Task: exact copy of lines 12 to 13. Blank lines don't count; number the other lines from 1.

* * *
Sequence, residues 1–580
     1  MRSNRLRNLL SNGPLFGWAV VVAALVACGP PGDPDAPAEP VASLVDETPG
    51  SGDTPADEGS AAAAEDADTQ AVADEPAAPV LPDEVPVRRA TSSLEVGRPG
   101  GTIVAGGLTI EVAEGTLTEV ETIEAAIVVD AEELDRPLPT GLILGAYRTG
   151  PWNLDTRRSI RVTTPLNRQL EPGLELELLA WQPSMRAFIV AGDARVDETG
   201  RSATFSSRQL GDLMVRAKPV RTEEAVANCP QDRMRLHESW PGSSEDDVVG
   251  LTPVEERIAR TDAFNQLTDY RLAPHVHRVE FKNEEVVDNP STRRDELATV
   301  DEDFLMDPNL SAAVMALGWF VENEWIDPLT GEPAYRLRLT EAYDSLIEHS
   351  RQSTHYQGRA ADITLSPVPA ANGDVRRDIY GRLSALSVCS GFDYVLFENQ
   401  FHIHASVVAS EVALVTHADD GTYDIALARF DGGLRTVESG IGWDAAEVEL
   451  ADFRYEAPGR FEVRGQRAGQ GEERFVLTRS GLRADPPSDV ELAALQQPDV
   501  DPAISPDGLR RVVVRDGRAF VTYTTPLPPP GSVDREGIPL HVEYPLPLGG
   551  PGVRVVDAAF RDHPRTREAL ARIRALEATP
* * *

   501  DPAISPDGLR RVVVRDGRAF VTYTTPLPPP GSVDREGIPL HVEYPLPLGG
   551  PGVRVVDAAF RDHPRTREAL ARIRALEATP